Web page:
Harry A. Smith is probably the best known of the many typewriter rebuilders and resellers that existed in the first half of the 20th Century. He did not manufacture typewriters, though he did occasionally rebrand other makers' models with his own name.
These ads are intended to give an idea of the wide range of machines Smith dealt in, as well as a rough chronology of when he was selling certain models and the addresses of his company. It is by no means a comprehensive collection of the many, many ads Smith ran over two decades, just a sampling. Most of the images are from Google Books.
Based on the addresses used in his ads and other dated materials, we have the following chronology:
1911 - c.Mar, 1914
An early ad from the June, 1912 issue of The Expositor.
L.C. Smith No.2. Sante Fe Magazine, March, 1915. Note the mention of a telegraphers' keyboard. Ads in medical journals touted pharmaceutical keyboards.
Remington Standard No.10. Railway Carmen's Journal, Nov, 1916. If you read the fine print, you will see the word "reconstructed". This alone would not be enough to later keep Smith out of trouble for deceptive advertising.
Underwood No.3. The Biblical World, Jan, 1917.
L.C. Smith No.5. Popular Mechanics, Feb, 1917.
Smith often added a little note down at the bottom of the coupon so he could keep track of which publications were generating responses. Simply good business practice. The room numbers of the various reply addresses changed frequently, and I've wondered whether this wasn't in fact a code system to help Smith track the origins of his reply coupons. I haven't taken the time to fully analyze them for a pattern.
One year later, in Feb, 1918, Smith was one of several typewriter resellers cited by the Federal Trade Commission for ""Stifling and suppressing competition in the sale of typewriters by publishing and causing to be published false and misleading advertisements designed and calcuclated to cause customers and prospective customers to believe that the repaired and rebuilt typewriters of standard makes offered for sale at a price of less than one-half of that charged by the makers of such machines are new typewriters in alleged violation of section 5 of the Federal Trade commission act." Smith responded with an admission of guilt and in May was ordered by the FTC to change his advertising practices. It was a relative slap on the wrist. As you can see below, the wording of his ads did not immediately change significantly.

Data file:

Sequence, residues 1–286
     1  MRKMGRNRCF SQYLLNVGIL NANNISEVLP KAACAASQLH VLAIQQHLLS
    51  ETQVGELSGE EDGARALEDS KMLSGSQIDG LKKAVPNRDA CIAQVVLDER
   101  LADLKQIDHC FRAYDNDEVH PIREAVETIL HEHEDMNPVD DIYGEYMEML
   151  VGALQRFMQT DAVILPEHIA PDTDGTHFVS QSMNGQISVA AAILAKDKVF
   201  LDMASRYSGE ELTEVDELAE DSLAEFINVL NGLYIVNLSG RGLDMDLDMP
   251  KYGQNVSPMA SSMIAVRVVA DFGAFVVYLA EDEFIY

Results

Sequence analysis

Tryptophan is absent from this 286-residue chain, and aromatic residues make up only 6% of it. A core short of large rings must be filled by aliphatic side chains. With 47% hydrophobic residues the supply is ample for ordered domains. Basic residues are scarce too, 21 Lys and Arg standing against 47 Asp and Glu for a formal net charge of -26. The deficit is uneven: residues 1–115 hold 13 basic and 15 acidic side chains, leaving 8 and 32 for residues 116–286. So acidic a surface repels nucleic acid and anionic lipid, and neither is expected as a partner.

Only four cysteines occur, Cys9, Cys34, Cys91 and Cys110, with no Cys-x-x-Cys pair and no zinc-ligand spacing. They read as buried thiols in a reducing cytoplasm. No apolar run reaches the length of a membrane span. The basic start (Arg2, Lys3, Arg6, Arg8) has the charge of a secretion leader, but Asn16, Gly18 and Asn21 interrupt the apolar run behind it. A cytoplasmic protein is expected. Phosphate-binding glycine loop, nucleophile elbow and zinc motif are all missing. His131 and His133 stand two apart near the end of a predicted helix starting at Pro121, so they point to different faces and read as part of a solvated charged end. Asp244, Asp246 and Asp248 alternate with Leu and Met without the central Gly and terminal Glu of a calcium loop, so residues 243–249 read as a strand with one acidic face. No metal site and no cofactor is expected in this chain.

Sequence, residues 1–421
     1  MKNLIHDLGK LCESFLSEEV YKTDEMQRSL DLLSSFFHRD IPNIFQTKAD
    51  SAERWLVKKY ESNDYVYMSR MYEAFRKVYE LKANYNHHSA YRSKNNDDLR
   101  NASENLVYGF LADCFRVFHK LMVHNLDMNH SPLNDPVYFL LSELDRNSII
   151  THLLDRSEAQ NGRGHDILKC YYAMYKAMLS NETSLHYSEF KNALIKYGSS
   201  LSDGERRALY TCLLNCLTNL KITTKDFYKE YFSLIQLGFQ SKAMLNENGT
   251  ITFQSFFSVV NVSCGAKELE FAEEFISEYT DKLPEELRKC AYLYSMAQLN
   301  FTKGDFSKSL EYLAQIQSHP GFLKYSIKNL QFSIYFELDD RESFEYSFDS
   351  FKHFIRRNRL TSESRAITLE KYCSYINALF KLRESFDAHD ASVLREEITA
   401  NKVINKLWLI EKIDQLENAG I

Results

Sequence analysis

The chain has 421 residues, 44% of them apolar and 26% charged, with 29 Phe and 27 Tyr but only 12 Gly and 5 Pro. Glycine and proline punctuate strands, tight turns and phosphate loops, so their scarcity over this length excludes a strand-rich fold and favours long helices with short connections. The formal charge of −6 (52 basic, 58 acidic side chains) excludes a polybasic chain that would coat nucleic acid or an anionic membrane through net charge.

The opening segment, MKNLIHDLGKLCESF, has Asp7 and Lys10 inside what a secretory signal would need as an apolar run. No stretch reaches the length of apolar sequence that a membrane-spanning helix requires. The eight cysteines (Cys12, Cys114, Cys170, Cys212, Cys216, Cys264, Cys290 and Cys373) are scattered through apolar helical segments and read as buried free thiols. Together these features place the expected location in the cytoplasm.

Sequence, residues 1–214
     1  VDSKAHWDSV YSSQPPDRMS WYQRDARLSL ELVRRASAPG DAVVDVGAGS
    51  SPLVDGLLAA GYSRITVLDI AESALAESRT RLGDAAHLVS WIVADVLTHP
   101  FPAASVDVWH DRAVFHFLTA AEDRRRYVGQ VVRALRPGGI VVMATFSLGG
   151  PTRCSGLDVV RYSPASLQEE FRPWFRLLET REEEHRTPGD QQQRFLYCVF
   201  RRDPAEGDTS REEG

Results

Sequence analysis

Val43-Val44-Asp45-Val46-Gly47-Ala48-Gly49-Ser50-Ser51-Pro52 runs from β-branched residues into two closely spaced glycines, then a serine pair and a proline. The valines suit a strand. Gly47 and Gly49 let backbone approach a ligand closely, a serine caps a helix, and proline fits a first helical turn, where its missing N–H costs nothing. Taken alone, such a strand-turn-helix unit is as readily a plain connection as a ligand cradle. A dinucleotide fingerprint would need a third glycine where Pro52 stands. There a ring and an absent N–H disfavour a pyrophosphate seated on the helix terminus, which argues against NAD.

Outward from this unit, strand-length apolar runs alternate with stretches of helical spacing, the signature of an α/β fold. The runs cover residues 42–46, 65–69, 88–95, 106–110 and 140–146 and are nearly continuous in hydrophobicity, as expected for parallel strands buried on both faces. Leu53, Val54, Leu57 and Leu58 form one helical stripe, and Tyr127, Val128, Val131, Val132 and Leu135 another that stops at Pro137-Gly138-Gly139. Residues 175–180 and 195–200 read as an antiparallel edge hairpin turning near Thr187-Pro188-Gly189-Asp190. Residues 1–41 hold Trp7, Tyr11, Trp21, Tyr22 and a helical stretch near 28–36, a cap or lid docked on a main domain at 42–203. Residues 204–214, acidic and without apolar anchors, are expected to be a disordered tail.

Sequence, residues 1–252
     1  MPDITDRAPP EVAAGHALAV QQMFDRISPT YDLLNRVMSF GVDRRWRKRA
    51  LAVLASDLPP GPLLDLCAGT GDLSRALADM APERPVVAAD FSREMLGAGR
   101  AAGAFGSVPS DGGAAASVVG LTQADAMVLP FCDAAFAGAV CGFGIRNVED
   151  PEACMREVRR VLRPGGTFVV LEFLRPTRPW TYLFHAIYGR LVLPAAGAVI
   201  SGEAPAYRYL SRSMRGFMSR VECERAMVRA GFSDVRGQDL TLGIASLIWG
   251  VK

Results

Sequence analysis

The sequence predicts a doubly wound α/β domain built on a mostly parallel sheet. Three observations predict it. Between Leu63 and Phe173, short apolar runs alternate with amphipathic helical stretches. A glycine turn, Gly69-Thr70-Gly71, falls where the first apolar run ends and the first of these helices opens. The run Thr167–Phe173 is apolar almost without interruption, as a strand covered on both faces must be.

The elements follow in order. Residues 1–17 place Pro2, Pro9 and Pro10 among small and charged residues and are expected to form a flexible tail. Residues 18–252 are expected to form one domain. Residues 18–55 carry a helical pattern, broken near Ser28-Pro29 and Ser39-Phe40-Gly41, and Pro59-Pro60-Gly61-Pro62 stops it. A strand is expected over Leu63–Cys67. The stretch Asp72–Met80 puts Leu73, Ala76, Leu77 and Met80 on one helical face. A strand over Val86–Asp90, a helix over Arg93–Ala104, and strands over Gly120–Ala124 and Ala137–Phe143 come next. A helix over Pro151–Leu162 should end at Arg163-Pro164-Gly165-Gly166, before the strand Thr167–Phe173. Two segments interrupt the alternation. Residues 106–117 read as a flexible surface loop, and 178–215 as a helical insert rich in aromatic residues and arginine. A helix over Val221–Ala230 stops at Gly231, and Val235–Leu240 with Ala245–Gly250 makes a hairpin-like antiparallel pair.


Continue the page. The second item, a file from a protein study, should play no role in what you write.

Tiny ad depicting a Victor of indeterminate model. Popular Mechanics, Nov, 1918.
Smith Premier No.10. Railroad Telegrapher, March, 1919.
In late 1920, the Harry A. Smith Typewriter Co either changed its name to the Smith Typewriter Sales Co. This probably happened in conjunction with the company entering receivership, as reported by Iron Age in 1921. According to the magazine, "The company's business has been has been affected by the high rate of exchange, as its trade was almost all with foreign countries." By this time, Smith was living in Elkhart, Indiana, where he attempted to keep one foot in the office machine business by reselling check protectors, as seen in this 1922 ad:
Popular Mechanics, Feb, 1922.
During this period Smith also attempted to set up a factory to build a new version of the Blick-Bar, the rights to which Smith had purchased a few years earlier. The Blick-Bar revival never happened, but in early 1922 Smith introduced a new company, the Annell' Typewriter Company. Taking its name from Smith's middle name, the company's sole product was the Annell' 3A, a machine based on the Woodstock No.4 which was either manufactured especially for or by Annell', or modified units of new old stock. A lot of questions still surround this model.
Popular Mechanics, May, 1922
Early Royal No.10, Popular Mechanics, July, 1922
Two very different machines, both branded Harry A. Smith No.6. The August, 1922, Popular Mechanics ad on the left depicts a rebranded Stearns No.2, while the September, 1922, Popular Mechanics ad on the right depicts a rebranded Harris Visible No.4. Not only are the ads curious for marketing two very different machines under the same model name (they in fact bring the total number of different H.A. Smith No.6s to three), but the No.6-branded Harris is a reappearance, first having been marketed back in 1917. Also curious is the fact that Harry Smith had no official connection with the company during this time--although in my mind, these two models suggest that he was still very much involved, albeit in a behind-the-scenes way.
Smith repurchased control of Smith Typewriter Sales Corp in early 1923, but his comeback was to be brief. Harry Smith died unexpectedly on Jan 11, 1925. The company he founded fourteen years earlier, however, continued on:
L.C. Smith No.8. Popular Mechanics, June, 1926.
Most of Smith Typewriter Sales' business was in Smiths & Coronas from here on out.
Corona 3 Improved, Popular Mechanics, May, 1929
Corona 3 Improved, Popular Mechanics, June, 1930.
This is probably the most colorful and elaborate ad the Smith company ever ran. Note, though, that the people in the vignettes to the right are handling Corona Fours.
Corona 3 Improved. Popular Mechanics, Feb, 1931.
This is the last Smith Typewriter Sales ad I can locate. Presumably, the company dissolved shortly thereafter.
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